PHILADELPHIA (AP) — A Pennsylvania appeals court has rejected Bill Cosby's attempt to halt his criminal case because of what he called a decade-old deal not to prosecute him.
The mid-level state Superior Court ruled Monday that the criminal sex-assault case against Cosby can proceed.
Cosby, 78, is facing trial over a 2004 encounter at his home with a then-Temple University employee who says she was drugged and molested by the comedian. Cosby says they engaged in consensual sex acts.
Former prosecutor Bruce Castor has said he promised he would never prosecute Cosby and urged him to testify in the woman's civil lawsuit. The release of that testimony last year led a new prosecutor to arrest him.
In the lengthy deposition, taken over four days in 2005 and 2006, the long-married Cosby acknowledged a series of affairs and said he had gotten quaaludes to give to women he hoped to seduce.
The decision Monday paves the way for Cosby to return to court for a preliminary hearing. He has not yet entered a plea in the case, but remains free on $1 million bail posted after his Dec. 30 arrest.
His lawyers did not immediately return messages. Montgomery County District Attorney Kevin Steele planned to issue a statement later in the day.
Cosby is meanwhile locked in a number of legal battles around the country with women who accuse him of sexual assault or defamation.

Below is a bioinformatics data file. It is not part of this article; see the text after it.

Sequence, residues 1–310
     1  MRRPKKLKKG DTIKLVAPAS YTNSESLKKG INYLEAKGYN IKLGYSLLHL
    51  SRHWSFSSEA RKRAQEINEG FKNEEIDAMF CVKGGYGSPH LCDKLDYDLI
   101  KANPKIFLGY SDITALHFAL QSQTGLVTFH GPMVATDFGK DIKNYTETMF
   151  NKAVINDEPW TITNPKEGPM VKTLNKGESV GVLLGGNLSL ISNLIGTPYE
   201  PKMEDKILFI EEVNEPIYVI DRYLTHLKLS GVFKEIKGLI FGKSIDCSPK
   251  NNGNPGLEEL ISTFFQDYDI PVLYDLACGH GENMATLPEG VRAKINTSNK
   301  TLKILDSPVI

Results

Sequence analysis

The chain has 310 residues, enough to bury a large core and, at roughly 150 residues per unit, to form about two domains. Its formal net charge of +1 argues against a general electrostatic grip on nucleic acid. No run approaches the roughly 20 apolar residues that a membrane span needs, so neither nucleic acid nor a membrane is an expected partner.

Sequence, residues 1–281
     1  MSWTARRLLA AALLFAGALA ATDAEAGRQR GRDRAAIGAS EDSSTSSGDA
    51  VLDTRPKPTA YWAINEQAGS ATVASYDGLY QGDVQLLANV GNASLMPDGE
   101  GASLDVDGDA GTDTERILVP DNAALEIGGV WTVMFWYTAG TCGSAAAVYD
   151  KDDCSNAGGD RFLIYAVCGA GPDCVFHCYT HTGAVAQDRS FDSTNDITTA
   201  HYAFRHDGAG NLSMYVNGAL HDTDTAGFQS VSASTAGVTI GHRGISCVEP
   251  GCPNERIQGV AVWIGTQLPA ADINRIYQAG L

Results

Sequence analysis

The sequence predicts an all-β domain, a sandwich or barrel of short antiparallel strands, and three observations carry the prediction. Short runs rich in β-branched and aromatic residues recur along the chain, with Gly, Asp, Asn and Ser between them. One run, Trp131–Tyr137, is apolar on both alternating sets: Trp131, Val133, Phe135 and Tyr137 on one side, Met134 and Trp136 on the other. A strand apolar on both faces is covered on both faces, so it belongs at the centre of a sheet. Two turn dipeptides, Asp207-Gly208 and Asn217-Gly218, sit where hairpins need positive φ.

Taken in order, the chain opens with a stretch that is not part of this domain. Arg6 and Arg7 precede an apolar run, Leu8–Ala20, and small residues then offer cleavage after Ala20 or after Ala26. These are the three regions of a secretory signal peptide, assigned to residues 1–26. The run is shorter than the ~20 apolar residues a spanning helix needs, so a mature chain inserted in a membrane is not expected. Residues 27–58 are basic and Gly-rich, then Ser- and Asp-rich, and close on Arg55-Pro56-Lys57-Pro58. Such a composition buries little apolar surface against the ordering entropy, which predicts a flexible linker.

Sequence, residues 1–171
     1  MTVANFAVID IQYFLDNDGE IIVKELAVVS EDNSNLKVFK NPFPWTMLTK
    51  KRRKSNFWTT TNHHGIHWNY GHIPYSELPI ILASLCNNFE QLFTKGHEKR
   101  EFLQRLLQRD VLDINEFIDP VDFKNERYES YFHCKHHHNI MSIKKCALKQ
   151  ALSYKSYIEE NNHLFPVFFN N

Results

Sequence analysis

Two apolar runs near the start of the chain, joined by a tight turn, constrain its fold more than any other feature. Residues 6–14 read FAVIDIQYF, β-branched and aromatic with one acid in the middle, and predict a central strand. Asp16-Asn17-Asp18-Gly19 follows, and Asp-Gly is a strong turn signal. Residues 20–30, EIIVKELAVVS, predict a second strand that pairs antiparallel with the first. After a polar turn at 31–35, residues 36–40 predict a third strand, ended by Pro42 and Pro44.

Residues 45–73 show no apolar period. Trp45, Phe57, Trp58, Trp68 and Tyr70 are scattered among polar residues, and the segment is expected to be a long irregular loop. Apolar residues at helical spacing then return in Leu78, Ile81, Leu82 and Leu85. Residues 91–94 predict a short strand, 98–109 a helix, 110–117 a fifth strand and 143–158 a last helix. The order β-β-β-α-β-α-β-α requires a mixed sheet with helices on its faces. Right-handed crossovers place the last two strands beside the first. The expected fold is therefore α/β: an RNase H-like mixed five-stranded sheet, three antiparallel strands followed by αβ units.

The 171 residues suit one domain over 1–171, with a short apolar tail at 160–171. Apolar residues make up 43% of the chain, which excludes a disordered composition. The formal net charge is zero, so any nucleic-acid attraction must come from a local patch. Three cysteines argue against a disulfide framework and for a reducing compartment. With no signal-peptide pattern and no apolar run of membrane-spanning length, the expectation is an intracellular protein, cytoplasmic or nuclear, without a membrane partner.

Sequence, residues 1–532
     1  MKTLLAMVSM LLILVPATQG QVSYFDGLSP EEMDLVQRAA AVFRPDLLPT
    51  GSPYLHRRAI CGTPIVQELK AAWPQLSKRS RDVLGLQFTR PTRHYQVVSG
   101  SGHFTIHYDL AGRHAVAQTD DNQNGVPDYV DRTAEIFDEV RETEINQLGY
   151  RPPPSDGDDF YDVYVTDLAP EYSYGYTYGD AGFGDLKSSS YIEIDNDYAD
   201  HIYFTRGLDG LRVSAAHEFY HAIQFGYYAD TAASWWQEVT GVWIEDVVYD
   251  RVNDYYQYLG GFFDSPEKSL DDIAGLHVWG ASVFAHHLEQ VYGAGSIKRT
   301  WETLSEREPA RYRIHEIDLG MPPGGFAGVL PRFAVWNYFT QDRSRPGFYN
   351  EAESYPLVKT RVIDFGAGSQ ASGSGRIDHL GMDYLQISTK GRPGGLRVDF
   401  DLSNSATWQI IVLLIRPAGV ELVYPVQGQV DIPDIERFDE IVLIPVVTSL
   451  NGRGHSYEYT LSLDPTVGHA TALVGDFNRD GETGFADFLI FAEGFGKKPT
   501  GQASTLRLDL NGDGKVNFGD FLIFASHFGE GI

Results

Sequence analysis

He has countersued some of them, including the Pennsylvania accuser. His lawsuit accuses her of breach of contract for talking to police who reopened the case last year, given the confidential settlement of the lawsuit she filed against him after Castor turned down the case.
Castor re-emerged in the case last fall as a key defense witness who said he had made a deal that Cosby would never be charged. Castor last year was running to return to the district attorney's office. He was defeated by Steele.
Cosby acknowledged in the deposition that he gave the Temple ex-employee, Andrea Constand, the cold and allergy medicine Benadryl before engaging in sex acts with her at his home near Philadelphia. He calls the encounter consensual.
Constand, who had sought career advice from Cosby, left her job with the Temple women's basketball team that spring. She returned home to Toronto and began training to become a massage therapist.
A year later, she contacted police to report the alleged sexual assault.
Thirteen other women came forward by the time she settled her lawsuit in 2006 to say that Cosby had also molested them. Cosby in the deposition described a long history of womanizing, including extramarital affairs with several of the accusers. However, he said he never assaulted anyone or gave them drugs unknowingly.
Dozens of women have since added their names to the list of accusers. But the statute of limitations had run on virtually all of them, and Constand's is the only case to result in criminal charges.